Before the murder of Tom Mboya in July 1969, Kenya politicians could mute and obscure their country's tribal tensions. The tensions, of course, were always there, straining the fragile unity of the new country, but they did not pervade every side of political life. Personal rivalry counted; so did ideology. The assassination changed all that.
For more than a year, Kenya was torn by a dangerous and blatant tribal conflict that colored all political activity. In a sense, this only followed what had happened elsewhere in Africa, where crisis invariably heightens tribal hatreds and suspicions. The results, as Nigeria showed, can be terrifying. But Kenya is not another Nigeria. In recent months, the fury has diminished, giving Kenya a time of calm to deal with its tribal problem. Its future depends on whether its politicians learn to do so.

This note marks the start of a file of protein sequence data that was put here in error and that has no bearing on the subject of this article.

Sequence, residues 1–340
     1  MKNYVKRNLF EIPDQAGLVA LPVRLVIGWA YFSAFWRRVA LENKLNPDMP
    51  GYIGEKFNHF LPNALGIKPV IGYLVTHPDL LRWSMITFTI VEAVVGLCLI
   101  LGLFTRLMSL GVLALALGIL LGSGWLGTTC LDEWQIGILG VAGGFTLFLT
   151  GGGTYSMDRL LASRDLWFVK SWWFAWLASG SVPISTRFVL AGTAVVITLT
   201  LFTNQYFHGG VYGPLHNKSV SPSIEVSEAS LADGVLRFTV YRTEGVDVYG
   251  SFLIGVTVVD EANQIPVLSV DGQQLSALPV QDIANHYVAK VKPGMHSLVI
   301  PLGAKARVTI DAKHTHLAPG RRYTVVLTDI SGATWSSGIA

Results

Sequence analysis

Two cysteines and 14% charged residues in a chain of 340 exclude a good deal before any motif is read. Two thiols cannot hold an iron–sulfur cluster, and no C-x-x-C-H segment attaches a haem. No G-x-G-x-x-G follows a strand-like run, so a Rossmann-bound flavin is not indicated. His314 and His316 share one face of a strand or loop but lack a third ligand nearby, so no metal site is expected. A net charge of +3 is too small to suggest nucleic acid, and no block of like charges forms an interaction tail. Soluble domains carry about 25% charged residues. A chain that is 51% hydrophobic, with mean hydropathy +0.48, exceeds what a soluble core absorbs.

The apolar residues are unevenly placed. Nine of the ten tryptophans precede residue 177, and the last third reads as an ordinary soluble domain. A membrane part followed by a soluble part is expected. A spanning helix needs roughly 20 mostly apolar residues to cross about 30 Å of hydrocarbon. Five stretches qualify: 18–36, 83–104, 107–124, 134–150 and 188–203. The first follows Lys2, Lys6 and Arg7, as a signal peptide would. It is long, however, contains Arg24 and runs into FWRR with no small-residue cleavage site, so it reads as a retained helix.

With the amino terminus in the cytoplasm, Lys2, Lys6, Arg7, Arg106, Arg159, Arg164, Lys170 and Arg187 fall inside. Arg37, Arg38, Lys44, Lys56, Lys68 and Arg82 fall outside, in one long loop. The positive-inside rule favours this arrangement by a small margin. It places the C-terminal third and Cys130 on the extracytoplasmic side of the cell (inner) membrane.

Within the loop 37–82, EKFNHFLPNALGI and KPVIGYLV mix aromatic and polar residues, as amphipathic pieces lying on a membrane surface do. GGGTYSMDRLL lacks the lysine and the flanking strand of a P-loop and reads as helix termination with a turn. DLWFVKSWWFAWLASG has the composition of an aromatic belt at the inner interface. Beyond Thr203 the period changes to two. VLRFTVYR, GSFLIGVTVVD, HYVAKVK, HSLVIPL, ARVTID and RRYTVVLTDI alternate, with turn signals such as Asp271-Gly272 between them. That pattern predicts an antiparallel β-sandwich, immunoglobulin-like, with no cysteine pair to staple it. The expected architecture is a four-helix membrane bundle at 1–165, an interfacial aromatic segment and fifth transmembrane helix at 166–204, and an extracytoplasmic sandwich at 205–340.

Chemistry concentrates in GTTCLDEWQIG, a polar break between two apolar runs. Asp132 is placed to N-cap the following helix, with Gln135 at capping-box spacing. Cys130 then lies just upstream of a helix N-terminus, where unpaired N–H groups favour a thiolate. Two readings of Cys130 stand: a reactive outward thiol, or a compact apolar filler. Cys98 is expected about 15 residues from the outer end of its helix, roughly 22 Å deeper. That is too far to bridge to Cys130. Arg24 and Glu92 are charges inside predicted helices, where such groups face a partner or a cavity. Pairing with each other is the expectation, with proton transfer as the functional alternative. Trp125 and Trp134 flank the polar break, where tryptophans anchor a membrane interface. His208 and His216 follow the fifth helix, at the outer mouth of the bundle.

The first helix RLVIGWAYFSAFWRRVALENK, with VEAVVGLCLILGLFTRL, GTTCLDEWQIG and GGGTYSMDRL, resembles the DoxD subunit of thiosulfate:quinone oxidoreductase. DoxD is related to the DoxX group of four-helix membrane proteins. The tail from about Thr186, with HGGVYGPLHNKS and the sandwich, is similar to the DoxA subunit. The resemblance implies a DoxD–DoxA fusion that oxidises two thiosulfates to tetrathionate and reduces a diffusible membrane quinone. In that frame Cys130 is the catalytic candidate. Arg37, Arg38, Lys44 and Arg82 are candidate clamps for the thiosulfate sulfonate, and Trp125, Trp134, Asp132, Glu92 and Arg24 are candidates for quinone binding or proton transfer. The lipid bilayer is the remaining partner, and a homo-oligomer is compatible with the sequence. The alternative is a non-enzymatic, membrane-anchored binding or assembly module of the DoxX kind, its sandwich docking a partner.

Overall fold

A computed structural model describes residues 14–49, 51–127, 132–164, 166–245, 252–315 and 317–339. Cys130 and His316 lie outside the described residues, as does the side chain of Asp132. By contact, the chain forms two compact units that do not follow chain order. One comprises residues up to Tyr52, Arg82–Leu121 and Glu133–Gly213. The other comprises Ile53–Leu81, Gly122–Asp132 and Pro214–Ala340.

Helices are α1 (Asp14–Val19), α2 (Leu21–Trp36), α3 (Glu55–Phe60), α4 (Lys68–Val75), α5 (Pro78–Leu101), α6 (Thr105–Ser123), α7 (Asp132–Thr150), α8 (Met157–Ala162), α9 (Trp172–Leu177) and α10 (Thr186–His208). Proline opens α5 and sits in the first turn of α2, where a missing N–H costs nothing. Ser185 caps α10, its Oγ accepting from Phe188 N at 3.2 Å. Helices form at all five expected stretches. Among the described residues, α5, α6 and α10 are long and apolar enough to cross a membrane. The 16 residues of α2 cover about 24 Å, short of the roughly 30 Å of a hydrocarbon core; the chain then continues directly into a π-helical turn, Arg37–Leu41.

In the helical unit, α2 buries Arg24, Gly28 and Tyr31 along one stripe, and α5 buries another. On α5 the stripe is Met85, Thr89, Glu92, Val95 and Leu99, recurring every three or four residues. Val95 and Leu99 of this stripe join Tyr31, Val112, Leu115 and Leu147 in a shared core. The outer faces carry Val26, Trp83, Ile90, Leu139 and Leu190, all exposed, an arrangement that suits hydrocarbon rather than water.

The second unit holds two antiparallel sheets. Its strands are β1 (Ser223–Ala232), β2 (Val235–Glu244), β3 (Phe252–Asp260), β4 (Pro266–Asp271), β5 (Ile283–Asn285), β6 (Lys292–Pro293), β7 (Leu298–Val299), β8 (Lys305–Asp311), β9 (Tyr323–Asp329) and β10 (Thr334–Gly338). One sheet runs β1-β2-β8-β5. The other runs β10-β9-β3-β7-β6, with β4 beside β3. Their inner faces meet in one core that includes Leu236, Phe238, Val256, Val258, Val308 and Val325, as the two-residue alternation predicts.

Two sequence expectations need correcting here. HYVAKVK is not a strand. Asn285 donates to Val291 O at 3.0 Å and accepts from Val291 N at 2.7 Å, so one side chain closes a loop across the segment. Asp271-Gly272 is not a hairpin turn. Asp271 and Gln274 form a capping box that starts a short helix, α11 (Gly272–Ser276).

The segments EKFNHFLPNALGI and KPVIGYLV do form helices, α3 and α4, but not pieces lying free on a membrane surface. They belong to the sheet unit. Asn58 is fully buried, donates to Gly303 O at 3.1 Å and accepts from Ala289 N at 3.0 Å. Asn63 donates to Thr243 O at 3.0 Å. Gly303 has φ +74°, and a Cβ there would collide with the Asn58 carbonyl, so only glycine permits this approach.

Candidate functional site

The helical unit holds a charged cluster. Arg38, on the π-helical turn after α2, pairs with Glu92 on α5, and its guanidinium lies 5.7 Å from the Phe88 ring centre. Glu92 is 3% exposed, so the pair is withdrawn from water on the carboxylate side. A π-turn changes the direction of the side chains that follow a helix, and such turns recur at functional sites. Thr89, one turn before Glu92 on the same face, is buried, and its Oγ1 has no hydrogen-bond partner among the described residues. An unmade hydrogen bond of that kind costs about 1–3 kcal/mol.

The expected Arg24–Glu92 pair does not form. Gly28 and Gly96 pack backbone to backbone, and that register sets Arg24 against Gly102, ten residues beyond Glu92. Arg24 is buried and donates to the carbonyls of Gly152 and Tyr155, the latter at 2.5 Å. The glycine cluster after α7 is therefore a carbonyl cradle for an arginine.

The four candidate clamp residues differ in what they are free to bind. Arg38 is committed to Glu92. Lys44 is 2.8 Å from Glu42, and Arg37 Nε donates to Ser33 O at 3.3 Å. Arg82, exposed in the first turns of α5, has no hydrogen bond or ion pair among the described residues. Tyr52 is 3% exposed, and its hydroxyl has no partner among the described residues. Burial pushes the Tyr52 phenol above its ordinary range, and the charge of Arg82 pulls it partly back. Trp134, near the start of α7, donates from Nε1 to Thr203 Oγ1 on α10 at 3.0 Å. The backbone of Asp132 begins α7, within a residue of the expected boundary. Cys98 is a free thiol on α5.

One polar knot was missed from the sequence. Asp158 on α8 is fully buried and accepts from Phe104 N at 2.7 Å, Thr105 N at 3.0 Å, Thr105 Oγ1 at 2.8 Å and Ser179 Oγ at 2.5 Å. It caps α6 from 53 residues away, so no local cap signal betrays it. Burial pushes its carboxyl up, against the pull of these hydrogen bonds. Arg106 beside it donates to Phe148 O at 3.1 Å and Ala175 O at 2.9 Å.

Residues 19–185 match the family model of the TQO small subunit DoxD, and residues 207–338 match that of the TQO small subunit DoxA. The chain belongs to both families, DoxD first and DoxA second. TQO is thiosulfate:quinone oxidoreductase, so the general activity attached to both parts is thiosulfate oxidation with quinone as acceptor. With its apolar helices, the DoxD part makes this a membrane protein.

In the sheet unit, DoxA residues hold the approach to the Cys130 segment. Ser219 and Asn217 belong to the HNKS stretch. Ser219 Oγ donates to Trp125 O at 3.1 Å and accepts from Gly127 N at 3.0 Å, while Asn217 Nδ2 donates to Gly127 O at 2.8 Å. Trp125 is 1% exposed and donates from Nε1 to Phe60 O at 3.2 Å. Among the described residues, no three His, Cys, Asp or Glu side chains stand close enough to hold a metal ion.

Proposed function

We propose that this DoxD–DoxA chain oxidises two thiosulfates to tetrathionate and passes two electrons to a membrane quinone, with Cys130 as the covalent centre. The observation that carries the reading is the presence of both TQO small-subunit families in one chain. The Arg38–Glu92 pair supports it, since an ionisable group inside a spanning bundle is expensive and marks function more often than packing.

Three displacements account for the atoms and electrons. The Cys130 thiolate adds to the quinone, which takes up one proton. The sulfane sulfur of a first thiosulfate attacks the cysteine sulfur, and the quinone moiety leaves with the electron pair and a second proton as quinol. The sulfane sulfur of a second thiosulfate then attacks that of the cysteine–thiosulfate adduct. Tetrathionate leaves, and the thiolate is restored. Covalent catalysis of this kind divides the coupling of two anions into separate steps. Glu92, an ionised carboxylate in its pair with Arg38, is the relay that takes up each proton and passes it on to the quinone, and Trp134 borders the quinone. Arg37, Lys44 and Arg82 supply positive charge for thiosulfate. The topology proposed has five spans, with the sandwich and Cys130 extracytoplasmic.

At stake is a land of 10.5 million people led by pragmatic men who have nursed the old white settler economy so well that Kenya has one of the highest economic growth rates in black Africa. No other black African country has anything to compare with its fertile soil and energetic farmers. Its wildlife and incredible and varied beauty have made it the tourist center of black Africa. But all this is threatened by the instability inherent in tribalism.
Before analyzing the tribal problem, it makes sense to recount the excited political events of the country since the death of Mboya. They rushed on Kenya in a breathless way, moving so swiftly that they seemed part of a novel or a film rather than a real political story. Stark, dramatic events sometimes have a way of oversimplifying the complexities of a political and social problem. In this case, however, they helped to reveal the intensity and urgency of the problem, demonstrating how tribalism can suddenly take hold of an African country and blot out all else.
Mboya, the Minister for Economic Planning and Development, was gunned down by an assassin on a crowded
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